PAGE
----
Successful engineering managers can bridge the gap between the technical and the financial fields. Some engineers pursue expensive MBAs to learn about finance and economics. However, ASEM members are presented with a mini-MBA in Domain 4 of the EMBOK, building on the information presented earlier on Strategy (Domain 3, http://asem.org/blog/6133262) and Management Theory (Domain 2, http://asem.org/blog/6004937. To be successful, engineers must learn to speak “accounting” to gain support for projects and programs. CPEM and CAEM (http://asem.org/EM-Professional-Cert-Program) certification requires that an engineering manager be familiar with basic accounting so that s/he is skilled in the financial nuances of any engineering decision. After all, companies are in business to make money.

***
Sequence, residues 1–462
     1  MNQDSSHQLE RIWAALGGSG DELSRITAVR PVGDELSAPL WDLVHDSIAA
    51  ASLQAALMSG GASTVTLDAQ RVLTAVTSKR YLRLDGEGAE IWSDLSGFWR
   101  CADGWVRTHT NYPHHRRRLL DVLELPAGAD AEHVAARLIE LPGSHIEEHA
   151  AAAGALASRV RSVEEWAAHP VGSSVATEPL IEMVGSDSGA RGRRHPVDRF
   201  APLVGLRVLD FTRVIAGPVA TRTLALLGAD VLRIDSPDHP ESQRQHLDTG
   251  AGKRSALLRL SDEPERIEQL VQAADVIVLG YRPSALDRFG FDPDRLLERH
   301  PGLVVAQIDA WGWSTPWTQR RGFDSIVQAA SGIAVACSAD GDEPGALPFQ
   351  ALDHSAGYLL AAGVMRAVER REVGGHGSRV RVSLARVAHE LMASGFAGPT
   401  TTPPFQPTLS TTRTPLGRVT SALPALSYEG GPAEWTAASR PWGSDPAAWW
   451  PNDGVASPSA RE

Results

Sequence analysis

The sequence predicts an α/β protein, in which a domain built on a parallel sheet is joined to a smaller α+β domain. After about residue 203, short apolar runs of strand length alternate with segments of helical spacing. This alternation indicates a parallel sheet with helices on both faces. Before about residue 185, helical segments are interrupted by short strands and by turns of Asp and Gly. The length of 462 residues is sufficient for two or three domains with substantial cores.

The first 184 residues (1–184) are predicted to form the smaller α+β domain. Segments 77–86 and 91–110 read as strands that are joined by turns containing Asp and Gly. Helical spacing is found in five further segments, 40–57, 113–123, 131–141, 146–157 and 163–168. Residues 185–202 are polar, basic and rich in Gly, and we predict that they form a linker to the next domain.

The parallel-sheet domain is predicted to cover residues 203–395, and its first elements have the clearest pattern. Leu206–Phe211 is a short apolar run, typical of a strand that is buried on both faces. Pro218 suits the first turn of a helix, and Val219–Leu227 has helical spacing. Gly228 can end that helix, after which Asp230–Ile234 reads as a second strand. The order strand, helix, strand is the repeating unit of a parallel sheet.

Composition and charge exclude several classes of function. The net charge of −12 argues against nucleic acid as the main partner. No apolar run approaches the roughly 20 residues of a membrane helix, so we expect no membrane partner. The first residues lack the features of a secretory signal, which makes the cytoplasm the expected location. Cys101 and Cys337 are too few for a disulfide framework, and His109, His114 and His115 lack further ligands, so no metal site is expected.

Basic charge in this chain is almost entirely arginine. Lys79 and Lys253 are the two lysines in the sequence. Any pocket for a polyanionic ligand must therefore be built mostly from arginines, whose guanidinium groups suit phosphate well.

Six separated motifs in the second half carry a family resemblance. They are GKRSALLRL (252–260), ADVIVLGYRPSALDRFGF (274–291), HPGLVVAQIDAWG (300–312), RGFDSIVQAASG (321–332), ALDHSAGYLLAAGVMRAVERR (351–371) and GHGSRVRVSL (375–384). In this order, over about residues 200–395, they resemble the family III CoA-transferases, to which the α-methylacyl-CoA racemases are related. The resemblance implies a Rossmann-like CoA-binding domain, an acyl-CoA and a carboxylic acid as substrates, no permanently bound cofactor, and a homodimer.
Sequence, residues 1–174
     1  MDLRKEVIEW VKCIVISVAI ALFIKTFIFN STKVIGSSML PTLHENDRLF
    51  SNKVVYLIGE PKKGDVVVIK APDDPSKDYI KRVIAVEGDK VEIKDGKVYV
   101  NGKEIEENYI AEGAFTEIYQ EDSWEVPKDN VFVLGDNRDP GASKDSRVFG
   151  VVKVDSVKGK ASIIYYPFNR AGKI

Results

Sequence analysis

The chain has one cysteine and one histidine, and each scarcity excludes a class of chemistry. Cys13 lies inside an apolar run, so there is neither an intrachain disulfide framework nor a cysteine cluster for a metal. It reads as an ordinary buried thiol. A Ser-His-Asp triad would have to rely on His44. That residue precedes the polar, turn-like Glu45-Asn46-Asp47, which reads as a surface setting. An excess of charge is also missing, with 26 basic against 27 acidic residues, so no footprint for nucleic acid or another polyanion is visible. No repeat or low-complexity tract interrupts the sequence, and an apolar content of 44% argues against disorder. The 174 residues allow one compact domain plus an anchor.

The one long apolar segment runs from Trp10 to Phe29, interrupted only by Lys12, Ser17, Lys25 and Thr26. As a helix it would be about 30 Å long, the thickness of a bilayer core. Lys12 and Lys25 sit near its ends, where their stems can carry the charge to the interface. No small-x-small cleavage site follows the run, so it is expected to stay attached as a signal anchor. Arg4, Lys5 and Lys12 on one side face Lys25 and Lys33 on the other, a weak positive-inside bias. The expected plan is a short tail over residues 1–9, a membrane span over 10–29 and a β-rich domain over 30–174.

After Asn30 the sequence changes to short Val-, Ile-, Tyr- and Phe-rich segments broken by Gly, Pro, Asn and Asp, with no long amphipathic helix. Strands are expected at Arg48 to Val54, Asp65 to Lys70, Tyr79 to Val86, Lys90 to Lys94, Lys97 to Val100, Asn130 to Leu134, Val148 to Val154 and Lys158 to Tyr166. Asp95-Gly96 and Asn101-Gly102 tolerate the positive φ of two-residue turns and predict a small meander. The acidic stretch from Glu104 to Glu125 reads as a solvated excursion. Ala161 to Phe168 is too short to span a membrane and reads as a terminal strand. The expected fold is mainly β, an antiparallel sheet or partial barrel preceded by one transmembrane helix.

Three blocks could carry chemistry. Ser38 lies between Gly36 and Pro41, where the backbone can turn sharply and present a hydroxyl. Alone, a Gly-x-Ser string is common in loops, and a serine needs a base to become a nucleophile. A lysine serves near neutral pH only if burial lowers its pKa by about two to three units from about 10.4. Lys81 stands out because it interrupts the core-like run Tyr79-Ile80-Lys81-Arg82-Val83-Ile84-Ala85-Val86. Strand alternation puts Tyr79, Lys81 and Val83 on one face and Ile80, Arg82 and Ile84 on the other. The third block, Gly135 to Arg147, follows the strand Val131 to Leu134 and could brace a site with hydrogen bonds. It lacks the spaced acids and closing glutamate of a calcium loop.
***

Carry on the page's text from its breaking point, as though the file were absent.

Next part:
Get your copy of the EMBOK here. There are also great tools on economics and finance in the EM handbook here. Past articles in this series include:

The Business Savvy Engineer - http://asem.org/blog/5704908

The Business-Savvy Engineer’s Introduction to Engineering Management - http://asem.org/blog/5880804

Leadership & Organizational Management for the Business Savvy Engineer - http://asem.org/blog/6004937

About the Author

Teresa Jurgens-Kowal, PE, CPEM, PMP®, NPDP, is a passionate lifelong learner. She enjoys helping individuals and companies improve their innovation programs and loves scrapbooking. You can learn more about Teresa and innovation by connecting on LinkedIn.